I guess technically it uses "hit points", except they are called "Vitality Levels" and it's more like Shadowrun than D&D. Everyone gets 10 plus a few extra according to their Fortitude attribute (and never go higher. But the closer they get to zero, the more their wounds start affecting them.

I would have liked an example of combat. I'm a little fuzzy on how some of the things work.

The game is fantasy, so there are some rules for magic, but they aren't the typical fantasy sort. Basically, horror or occult based fantasy on the one hand, but characters can also have psychic powers, called "Witchblood" powers. No fireballs or magic carpets or anything. More like the Exorcist or a Stephen King novel.

The last section of the book is on GMing. I think if this book has a weakness, this is it. I think the game is probably aimed at people who know what they are doing. There's a very short selection on creating a conspiracy. While well written and useful, only one sample "Conspiracy" is provide, and honestly, it's kind of Cthulhu-ish. Not the Squid God himself, thankfully, but one of the other ones, a Worm God. (Actually, I'm not sure if there is a worm god in Cthulhu, per se. I thought there was one because of Ludwig Prinn's De Vermiis Mysteriis, but I can't seem to remember which one that was about).

While I understand that part of the point of the game is to come up with your own conspiracy, so you players won't know what's going on, for some of us that is hard to do. I mean, when I think horror, I think Barbra Streisand*. It's hard for me to come up with anything that doesn't involve her. (I had quite a shock the other day when I saw on yahoo the headline "Meet the Fockers star poses nude in Playboy". That actually could a plot seed for a real world modern day game.).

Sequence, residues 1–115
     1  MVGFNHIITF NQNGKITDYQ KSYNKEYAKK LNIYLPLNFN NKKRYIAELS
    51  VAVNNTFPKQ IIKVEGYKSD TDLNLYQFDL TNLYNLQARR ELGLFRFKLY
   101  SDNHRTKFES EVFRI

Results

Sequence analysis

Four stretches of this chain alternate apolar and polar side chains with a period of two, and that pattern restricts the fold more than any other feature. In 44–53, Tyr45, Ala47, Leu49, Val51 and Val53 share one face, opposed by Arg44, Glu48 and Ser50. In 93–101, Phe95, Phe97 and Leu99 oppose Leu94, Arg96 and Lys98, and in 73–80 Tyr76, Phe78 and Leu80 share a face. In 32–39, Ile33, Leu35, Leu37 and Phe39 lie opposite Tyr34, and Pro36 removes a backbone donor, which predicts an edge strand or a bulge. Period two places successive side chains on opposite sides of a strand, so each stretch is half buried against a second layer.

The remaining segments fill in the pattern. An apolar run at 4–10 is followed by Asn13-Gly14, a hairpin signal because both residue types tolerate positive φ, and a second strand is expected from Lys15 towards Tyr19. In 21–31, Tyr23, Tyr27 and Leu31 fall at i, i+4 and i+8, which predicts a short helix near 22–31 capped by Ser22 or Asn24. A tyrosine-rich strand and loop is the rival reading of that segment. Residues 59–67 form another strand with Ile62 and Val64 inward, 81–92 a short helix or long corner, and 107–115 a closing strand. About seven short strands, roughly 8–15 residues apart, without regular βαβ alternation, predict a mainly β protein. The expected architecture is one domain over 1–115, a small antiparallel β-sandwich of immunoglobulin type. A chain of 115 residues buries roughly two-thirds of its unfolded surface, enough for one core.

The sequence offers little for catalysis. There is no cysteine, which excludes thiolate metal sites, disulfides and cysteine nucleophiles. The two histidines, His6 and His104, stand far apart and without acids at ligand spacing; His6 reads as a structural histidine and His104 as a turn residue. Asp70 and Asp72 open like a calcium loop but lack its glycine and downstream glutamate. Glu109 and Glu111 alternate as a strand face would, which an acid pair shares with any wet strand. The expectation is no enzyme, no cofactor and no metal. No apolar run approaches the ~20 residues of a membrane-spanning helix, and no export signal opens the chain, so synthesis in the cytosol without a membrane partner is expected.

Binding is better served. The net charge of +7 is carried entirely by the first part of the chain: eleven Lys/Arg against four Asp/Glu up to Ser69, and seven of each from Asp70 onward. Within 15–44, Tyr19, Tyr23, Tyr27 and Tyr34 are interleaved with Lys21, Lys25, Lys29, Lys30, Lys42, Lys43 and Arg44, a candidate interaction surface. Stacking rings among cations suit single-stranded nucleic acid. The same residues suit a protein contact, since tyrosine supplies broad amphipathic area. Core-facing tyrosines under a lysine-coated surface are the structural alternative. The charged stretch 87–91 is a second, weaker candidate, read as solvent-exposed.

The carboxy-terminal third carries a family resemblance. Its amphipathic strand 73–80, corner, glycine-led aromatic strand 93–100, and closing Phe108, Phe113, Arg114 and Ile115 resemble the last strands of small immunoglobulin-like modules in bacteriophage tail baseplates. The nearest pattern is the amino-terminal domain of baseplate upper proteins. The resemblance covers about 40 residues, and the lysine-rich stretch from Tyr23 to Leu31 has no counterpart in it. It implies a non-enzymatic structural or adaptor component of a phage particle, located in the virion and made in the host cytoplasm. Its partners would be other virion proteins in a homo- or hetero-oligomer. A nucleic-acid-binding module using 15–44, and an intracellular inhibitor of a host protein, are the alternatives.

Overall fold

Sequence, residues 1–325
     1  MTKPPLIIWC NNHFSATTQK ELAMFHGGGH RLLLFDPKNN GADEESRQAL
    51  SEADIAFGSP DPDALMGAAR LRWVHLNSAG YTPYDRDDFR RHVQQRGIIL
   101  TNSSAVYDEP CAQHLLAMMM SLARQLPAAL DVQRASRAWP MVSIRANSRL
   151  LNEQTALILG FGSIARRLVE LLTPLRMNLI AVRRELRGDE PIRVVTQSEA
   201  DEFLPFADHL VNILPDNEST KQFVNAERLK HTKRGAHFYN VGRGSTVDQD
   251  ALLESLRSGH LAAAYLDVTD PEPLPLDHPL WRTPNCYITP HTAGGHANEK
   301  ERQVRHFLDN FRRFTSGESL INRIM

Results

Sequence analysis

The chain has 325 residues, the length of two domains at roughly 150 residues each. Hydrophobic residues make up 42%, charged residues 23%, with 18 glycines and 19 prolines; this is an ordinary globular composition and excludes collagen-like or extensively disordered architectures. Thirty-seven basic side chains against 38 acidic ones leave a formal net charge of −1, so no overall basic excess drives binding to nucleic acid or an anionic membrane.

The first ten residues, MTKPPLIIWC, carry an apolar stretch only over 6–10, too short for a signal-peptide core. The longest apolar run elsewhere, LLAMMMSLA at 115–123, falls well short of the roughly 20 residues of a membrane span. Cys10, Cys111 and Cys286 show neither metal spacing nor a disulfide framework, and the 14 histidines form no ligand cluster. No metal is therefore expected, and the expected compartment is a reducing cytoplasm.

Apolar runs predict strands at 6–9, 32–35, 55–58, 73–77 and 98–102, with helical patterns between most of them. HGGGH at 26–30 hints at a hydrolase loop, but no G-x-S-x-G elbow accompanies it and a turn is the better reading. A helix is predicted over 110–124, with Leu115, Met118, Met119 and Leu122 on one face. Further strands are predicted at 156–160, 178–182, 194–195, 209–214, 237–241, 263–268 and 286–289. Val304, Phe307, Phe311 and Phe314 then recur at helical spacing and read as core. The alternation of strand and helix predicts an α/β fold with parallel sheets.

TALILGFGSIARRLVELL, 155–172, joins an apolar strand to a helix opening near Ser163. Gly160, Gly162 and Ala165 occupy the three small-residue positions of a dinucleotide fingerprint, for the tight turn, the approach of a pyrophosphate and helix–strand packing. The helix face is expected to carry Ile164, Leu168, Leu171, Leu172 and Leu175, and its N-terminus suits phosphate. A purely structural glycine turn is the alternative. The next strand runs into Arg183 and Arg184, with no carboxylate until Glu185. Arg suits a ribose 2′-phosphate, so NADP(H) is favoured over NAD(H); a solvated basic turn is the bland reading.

Same for conspiracies. The only one I'm a part of is one to bring back the '70s, and other than some fashion and hairstyles (and John Travolta in the early 90s), we haven't been too successful.

I think I would have liked a table or something to roll up a conspiracy/evil horror. To at least give the brain a jolt for ideas, if not come up with them outright.

The books is laid out fairly well, if oddly - the section on the setting comes first, with all the rules in the second half. And it explains character creation before it goes into how the core mechanic works.

There are a number of typos in the paragraph headers. And speaking of headers, it would have been nice if they had used a different font or at least a noticeably different size of font for the different types of headers. There are only 6 chapters in the, so each one is broken down into several parts, but it's hard to tell which ones are major breaks and which one are minor, because they all use the same font and size, at least to my eye. There is a 2 page index, but it's a bit sparse. When I tried to look some things up, like "Passion" and "Drive", they weren't in it.